Whenever you try to improve the way you or your company does things, you’re into the business of change. More importantly, the business of changing behaviours, those engrained activities that increase comfort and save time, without necessarily upping productivity or success.

An awful lot of initiatives to change the way we do things come unstuck, and if you believe the research, the success rate can be as low as 30 to 50%. Why is this? A bunch of possible causes contribute. People are set in their ways, or they actively resist change, or the company doesn’t get a host of other things right.

To look at this the other way, and from a more positive angle, there is some first class research from McKinsey about what conditions need to be in place for change to occur successfully. In short these are:

1) A purpose to believe in. Folk have to buy in to what you’re trying to do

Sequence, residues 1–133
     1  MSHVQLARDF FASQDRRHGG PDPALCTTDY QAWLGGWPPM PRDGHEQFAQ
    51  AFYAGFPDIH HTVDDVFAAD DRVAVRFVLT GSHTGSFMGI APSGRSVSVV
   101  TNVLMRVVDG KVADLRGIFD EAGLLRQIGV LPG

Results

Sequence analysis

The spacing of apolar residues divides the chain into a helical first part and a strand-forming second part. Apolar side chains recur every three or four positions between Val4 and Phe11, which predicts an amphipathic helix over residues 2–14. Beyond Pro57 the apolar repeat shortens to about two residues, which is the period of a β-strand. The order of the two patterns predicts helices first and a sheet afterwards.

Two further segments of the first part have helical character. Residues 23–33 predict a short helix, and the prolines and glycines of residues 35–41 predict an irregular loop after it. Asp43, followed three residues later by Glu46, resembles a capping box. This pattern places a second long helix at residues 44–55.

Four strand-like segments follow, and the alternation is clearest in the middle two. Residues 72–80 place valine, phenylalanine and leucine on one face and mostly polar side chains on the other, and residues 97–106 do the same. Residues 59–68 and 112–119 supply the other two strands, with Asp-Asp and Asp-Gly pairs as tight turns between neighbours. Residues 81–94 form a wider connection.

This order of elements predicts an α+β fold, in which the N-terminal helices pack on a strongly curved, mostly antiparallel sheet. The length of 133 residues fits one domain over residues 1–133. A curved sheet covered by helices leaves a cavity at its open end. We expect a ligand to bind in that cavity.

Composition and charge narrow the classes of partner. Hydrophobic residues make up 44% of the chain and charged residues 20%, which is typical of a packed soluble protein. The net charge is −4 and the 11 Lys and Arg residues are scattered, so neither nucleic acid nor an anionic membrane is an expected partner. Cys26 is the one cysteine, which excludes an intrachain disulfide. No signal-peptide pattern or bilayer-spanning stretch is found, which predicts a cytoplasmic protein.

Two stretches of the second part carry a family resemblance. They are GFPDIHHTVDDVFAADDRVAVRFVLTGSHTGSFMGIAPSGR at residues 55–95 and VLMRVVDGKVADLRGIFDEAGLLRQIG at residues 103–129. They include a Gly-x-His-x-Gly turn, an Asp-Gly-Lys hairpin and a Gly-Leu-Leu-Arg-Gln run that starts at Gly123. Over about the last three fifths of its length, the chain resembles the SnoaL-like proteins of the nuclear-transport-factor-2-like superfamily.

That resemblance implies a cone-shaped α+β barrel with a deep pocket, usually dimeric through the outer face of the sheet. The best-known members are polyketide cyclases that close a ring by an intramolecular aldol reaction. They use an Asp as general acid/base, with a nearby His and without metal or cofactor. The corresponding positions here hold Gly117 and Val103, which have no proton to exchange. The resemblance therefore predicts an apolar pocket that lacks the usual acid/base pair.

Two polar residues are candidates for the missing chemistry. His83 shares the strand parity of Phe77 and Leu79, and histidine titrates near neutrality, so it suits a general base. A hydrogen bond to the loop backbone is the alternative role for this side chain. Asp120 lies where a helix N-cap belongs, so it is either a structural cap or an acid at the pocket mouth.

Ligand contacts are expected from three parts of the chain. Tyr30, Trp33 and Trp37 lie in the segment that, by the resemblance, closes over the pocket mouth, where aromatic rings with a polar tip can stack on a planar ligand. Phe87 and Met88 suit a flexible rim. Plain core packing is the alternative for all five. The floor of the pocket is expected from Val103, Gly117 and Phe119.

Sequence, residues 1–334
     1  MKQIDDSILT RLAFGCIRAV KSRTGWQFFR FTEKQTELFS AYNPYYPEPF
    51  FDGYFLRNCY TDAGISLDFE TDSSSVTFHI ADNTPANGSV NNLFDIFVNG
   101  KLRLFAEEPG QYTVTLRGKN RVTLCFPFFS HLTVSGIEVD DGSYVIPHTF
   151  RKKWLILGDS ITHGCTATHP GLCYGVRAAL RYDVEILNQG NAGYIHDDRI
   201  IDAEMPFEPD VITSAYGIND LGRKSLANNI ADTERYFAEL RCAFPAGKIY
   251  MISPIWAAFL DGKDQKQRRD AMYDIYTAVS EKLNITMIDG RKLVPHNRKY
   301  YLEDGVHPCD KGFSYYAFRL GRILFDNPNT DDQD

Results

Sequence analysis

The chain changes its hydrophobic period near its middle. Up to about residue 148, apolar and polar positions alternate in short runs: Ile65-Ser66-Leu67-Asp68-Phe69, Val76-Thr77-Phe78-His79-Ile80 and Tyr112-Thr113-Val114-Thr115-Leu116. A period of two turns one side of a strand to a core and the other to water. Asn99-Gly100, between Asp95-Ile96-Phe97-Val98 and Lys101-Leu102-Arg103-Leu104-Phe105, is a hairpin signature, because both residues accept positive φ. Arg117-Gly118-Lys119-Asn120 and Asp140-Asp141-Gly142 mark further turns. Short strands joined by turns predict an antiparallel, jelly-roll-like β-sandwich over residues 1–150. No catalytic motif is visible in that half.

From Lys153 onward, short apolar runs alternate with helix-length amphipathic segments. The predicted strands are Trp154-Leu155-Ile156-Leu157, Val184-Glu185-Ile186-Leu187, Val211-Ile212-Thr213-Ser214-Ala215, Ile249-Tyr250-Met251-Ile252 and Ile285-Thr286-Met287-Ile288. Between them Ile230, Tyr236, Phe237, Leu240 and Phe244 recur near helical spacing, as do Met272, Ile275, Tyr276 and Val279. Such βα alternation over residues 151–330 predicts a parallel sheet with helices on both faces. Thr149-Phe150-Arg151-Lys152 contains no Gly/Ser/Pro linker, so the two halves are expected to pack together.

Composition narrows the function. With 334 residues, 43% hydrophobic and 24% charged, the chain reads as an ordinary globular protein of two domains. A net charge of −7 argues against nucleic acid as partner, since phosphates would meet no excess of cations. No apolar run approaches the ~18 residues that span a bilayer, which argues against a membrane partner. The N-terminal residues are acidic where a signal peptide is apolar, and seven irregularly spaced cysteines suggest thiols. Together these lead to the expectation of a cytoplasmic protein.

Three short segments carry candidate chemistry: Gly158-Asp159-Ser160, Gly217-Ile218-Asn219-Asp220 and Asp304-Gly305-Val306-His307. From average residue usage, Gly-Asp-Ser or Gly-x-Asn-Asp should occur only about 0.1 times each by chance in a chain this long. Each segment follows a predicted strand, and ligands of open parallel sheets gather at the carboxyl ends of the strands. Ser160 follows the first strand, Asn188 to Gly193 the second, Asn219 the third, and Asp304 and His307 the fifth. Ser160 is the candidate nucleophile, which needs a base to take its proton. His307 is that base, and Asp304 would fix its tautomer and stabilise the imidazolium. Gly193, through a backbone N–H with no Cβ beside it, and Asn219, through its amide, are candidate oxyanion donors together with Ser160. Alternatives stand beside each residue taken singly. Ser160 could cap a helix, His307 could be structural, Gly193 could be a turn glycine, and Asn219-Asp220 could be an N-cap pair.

2) Reinforcement systems. Front line managers have to coach to the new behaviours

3) The skills required for change. We learn by doing, and doing repeatedly, to acquire the new skills

4) Consistent role models. Seeing people you look up to doing things the new way pays dividends

So there you have it. Easy to blog about, harder to do. Get buy in, reinforce what you’re looking to see, practice makes perfect, and let the leaders lead the way. For more on this excellent research, have a look here.

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